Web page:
Clearing the Mind

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The words mindfulness and meditation seem to be on everyone’s lips at the moment – no wonder, since the busier life gets, the more we crave calm. Yet most of the time, deep peacefulness is something elusive, a million miles away from us. Sitting crossed legs with our eyes closed a) feels like a waste of time and b) it seems pretty impossible to remain still for more than a few minutes. I felt the same way not so long ago, but now I’m beginning to realise that precious time spent in meditation more than pays off. Not only does it create the focus and head space I need to get things done, but it’s also surprisingly addictive. The more I practice, the more the calmness begins to have a positive effect on my life, and crucially, how well I feel.

It’s not just a feeling either. Science is increasingly showing us that far from being an esoteric practice, meditation can have positive effects on our biology – and fast. A study published by US medical journal PloS One* in 2013 found that just one relaxation session enhances the expression of genes involved in energy metabolism and insulin secretion and reduces those linked to inflammatory response and stress. In 2012, UCLA scientists published a study* which showed that 12 minutes of daily meditation for eight weeks increased telomerase (the ‘immortality enzyme’) activity by 43 percent, suggesting an improvement in stress-induced ageing.

However, for something seemingly so simple, it is not easy. In the beginning, it does feel like another thing on the ‘to do’ list and it takes discipline not only to get started, but also to keep it up (more on this later). But, the biggest stumbling block for me (and probably most of us) is actually our default mind set – we think that meditation is something we have to ‘achieve’, that we have to use willpower to stop the endless thoughts which go on in the brain. Now I realise not even a monk in the most remote ashram could ever do this, and that actually, it’s about letting go of thoughts. The chatter in our minds will always be there – meditation is effectively a way of training the mind and slowing thoughts down. Once I understood this, I could begin to relax into sitting still, to notice what was happening and that was when I began to experience little moments of a delicious deep calm amongst the seemingly endless re-churning of events and emotions.

Noticing what’s happening is crucial. Think about it. Most of us relax by diverting our attention through sensual pleasures – whether that’s having a glass of wine in front of the latest box set, and/or eating something we love. None of this is bad if we are doing it consciously, but because the ‘aaaah’ moment doesn’t last, soon we need another fix of whatever it is, and we can easily slip into bad habits. When we access deeper states of consciousness via relaxation or meditation techniques, it doesn’t depend on the senses. In fact, we are going beyond them to a perfectly natural state – an ‘inner peace’ that’s there all the time. It’s often why meditation can feel like going to a comfortable place like home, as if we’ve been there before.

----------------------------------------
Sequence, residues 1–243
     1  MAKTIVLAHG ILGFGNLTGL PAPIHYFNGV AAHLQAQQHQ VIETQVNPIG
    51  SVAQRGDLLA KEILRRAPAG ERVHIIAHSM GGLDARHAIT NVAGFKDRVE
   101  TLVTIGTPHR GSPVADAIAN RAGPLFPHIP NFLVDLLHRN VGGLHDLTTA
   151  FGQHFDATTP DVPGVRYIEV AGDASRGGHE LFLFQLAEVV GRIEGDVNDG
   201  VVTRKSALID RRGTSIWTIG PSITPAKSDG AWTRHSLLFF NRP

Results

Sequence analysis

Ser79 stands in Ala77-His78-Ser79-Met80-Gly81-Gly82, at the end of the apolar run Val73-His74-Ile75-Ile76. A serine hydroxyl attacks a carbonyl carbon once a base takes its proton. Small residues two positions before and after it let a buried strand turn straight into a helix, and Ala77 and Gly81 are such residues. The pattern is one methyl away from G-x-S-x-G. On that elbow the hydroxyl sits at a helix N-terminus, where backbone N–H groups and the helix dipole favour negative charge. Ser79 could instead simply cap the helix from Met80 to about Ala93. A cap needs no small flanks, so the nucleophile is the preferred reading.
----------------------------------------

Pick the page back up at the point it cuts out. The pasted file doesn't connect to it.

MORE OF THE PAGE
So – how do we get started? Well, ‘talk through’ meditations either at a class or on a CD or app can help. For example, http://www.getsomeheadspace.com founded by an ex-Buddhist monk has a 10 minutes for 10 days trial to download to your phone. Or you could try the yogic relaxation technique Yoga Nidra – US Psychologist Richard Miller has some great resources at http://www.irest.us/products/irest

In the end though, an every day practice at home is what you should aim for. Start little and often, even 5 minutes at first, ideally morning and evening. Clear a space where you can sit without being interrupted. It is important to be comfortable, with your spine as straight as possible – on the floor, crossed legged is the classic posture, but that can be difficult, so you can sit on a chair or sit against a wall for support. Use cushions and blankets as props to be warm and comfortable. For me, having a lovely cashmere blanket and a beautifully embroidered cushions helps, as does lighting a candle.

Once you’re sitting, there are many, many techniques designed to help – mantras to chant, breath techniques, but in the end all keep the mind focused on one point. The simplest is to close your eyes and follow your breath, noticing how it’s cool on the inhale, warm on the exhale. After around 10 breaths your natural rhythm kicks in – don’t try to change it, just keep observing and every time the mind wanders, bring it back to the breath. Soon you’ll be aware of a natural pause at the top of the inhale, and the bottom of the exhale. Those are the points at which you’ll begin to experience deep peace. Believe me, the more you sense it, the more you’ll become addicted.

Study References

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